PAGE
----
coromandal


the discovery of infinite space (heterotopia 1)

Heterotopias are kinds of places described by Michel Foucault in his essay Of Other Spaces in 1967.  They approximate, or maybe more accurately reflect, utopias; approximate because heterotopias exist and utopias can’t, by definition.  They are ‘outsider’ spaces, meaning they exist outside of the influence of dominant cultures or hegemonies; and the people and events in them are involved in undesirable, outsider missions.  They are places that are real and unreal at once, complex and contradictory.  For Foucault, heterotopias are places that allow escape from places that are authoritarian and repressive.

This is the first of four posts on heterotopias and based on the essay Of Other Spaces.

Galileo’s rediscovery, that the earth rotates around the sun, upended the Medieval us.   It began the inexorable smashing of orthodoxies and institutions that led to the Enlightenment and modernism.  It accomplished this because it fundamentally challenged our way of thinking about how the world works and is ordered.

Medieval space was hierarchical – celestial, supercelestial, terrestrial, sacred and profane – and oppositional and stable – urban and rural.  But Galileo’s discoveries made us believe that space is open, dissolved, infinite, and that our normal perception of place is an illusion, a shapshot in time of something that is actually – maybe slowly, but irrevocably – moving and dissolving and changing.  Nothing is fixed, there is no still reference point, the center can no longer hold, said Galilleo.

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there’s an ant on your southeast leg
June 29, 2009, 11:21 pm
Filed under: the sweet life | Tags: , , , ,

From the article by sociologist Lera Boroditsky on the relationship between language, our bodies, and the space around us.  The past isn’t necessarily behind us, things aren’t always properly ordered left to right and, don’t look now but there’s a bug on your southwest leg.

Follow me to Pormpuraaw, a small Aboriginal community on the western edge of Cape York, in northern Australia. I came here because of the way the locals, the Kuuk Thaayorre, talk about space. Instead of words like “right,” “left,” “forward,” and “back,” which, as commonly used in English, define space relative to an observer, the Kuuk Thaayorre, like many other Aboriginal groups, use cardinal-direction terms — north, south, east, and west — to define space. This is done at all scales, which means you have to say things like “There’s an ant on your southeast leg” or “Move the cup to the north northwest a little bit.” One obvious consequence of speaking such a language is that you have to stay oriented at all times, or else you cannot speak properly. The normal greeting in Kuuk Thaayorre is “Where are you going?” and the answer should be something like ” Southsoutheast, in the middle distance.” If you don’t know which way you’re facing, you can’t even get past “Hello.”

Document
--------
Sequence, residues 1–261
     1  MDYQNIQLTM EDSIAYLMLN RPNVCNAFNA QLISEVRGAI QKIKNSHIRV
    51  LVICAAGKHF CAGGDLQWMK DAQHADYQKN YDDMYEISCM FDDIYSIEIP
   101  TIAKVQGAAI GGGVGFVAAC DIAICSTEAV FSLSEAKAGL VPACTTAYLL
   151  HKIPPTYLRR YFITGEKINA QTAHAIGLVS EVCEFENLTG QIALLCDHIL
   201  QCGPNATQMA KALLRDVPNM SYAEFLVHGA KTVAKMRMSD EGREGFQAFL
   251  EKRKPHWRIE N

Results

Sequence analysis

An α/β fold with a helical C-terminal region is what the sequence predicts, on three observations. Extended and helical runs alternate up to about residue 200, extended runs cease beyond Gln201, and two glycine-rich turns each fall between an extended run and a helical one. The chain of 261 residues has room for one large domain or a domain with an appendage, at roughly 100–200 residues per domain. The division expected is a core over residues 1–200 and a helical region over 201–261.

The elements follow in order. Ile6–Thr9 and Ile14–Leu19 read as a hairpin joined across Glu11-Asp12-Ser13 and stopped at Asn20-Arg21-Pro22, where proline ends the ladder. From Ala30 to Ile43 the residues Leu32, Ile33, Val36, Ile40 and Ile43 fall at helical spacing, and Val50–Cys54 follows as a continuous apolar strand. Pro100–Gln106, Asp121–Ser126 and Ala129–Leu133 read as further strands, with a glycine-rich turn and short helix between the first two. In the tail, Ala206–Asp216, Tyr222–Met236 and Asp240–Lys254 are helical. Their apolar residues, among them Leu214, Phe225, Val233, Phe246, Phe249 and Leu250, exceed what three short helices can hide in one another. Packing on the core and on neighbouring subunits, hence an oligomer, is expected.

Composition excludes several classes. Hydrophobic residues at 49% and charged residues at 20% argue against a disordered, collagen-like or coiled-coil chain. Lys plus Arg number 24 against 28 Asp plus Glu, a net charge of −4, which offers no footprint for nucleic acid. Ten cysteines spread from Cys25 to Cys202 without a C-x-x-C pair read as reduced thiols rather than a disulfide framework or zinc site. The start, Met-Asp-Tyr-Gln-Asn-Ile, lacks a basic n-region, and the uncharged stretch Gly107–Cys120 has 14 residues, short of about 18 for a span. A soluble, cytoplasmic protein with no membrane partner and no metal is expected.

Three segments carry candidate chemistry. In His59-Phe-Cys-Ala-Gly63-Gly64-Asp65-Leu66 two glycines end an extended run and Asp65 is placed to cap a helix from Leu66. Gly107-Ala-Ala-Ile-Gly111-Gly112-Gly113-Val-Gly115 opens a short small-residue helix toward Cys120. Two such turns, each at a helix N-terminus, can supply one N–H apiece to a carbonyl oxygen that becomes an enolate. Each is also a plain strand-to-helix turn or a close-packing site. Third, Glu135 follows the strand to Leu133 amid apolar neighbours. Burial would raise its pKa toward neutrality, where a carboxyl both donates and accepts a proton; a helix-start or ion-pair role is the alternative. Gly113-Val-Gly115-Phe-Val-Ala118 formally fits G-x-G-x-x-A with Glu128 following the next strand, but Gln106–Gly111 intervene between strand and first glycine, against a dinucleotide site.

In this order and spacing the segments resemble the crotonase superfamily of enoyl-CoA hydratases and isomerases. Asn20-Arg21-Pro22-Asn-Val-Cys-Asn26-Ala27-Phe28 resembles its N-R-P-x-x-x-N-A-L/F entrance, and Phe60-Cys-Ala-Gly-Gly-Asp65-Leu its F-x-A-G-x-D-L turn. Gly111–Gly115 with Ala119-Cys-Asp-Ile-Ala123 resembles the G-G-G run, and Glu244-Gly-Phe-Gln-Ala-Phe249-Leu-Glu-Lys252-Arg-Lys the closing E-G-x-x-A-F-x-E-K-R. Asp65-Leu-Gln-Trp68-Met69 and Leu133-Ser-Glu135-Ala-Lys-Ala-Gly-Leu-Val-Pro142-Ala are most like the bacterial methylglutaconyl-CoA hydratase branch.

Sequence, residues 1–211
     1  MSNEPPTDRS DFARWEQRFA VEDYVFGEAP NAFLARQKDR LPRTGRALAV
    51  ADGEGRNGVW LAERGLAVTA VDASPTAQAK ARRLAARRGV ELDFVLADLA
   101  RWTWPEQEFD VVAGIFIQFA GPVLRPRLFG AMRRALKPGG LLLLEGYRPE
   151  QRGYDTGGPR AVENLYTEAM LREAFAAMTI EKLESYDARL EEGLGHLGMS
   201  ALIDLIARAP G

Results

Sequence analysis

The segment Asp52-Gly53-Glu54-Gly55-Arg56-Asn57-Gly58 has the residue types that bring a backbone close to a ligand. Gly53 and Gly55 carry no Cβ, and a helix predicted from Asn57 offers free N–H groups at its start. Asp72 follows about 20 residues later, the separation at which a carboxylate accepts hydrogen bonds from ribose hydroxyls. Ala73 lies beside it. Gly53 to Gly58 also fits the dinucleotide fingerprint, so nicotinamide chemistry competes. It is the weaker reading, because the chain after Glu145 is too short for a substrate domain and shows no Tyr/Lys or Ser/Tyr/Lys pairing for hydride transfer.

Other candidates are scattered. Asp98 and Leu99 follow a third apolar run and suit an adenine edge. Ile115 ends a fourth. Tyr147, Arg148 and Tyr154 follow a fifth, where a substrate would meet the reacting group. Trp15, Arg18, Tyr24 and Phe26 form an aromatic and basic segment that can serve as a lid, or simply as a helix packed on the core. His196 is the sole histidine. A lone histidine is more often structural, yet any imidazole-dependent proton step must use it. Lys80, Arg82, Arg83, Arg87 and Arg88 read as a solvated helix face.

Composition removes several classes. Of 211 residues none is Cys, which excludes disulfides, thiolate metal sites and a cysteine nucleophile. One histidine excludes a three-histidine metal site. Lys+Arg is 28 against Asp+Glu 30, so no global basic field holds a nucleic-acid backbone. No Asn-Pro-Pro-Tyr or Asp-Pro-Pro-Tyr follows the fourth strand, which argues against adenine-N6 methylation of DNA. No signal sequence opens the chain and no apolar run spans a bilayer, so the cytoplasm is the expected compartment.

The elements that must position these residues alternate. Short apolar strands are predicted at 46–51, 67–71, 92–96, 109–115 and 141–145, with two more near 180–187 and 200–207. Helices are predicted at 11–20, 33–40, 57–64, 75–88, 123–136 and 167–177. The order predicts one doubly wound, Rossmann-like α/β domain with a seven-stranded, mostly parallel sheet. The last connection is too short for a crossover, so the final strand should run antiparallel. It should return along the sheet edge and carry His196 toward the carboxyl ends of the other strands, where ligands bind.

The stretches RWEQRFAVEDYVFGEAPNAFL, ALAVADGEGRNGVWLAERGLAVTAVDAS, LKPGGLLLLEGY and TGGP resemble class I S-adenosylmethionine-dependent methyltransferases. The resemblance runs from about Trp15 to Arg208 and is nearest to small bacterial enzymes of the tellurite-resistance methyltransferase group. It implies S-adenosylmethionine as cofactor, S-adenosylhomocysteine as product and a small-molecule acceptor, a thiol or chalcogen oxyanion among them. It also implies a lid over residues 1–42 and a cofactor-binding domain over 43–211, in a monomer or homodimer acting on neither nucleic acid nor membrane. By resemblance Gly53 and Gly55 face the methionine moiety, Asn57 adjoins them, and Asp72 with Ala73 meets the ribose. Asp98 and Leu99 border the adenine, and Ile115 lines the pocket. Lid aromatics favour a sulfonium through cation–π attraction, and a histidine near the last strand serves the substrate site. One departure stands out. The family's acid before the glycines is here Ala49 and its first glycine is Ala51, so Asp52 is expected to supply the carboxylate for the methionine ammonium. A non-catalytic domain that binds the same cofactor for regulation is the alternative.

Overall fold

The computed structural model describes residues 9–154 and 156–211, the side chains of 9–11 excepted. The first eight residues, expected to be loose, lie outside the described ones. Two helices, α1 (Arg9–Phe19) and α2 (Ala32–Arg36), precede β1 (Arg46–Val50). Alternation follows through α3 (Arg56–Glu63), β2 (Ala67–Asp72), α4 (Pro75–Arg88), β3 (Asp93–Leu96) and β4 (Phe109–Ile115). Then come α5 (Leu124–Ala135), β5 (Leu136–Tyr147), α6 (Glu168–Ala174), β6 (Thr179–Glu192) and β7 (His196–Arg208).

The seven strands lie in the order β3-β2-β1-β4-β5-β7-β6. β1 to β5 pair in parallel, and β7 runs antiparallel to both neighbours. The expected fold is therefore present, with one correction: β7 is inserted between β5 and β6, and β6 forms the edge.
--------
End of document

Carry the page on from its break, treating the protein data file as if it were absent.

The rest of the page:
HOW DOES OUR LANGUAGE SHAPE THE WAY WE THINK? by Lera Boroditsky on Edge.org.



daggers
April 19, 2008, 9:04 pm
Filed under: brave new world | Tags: , , , , , , ,

This is about a fearful place.  Fear makes us protect ourselves, aggress, fight.  It ultimately drives from each other.  In truly fearful places, there is no real intimacy except in the bedroom.

Intimacy is fearless – not timid.  True intimacy is living fearlessly in a fearless place.

Intimacy in principle means not to be timid or “timide”(in French).  But of course In is non. Inconscience, Incontinent. So the meaning of in is non. So its non-timide. And that’s what is intimate. The interesting thing is that we change intimacy to a very small space, a very safe space where you can be intimate, we think. But what we mean with intimate is not “timide”, is open to everything, is borderless, is every protection away, in principle. And it’s not just a small space where you can….

And then of course in history it’s got a very sexual connotation. For me ideal for society would be if we did not use the word intimacy. A society that is not timid. Timid is not a quality. When someone says someone is shy “Oh he or she is so shy”- you have fear, that’s why you are shy. Intimacy is not a quality. Intimacy is a quality but it shouldn’t be called intimacy. It’s just that you are open. In this fearful society where everyone is putting daggers in each others’ back, usurping each other – the neo-capitalist society is like this – in this society intimacy is reduced to the bed, or to the most private space where you dare to be without protection.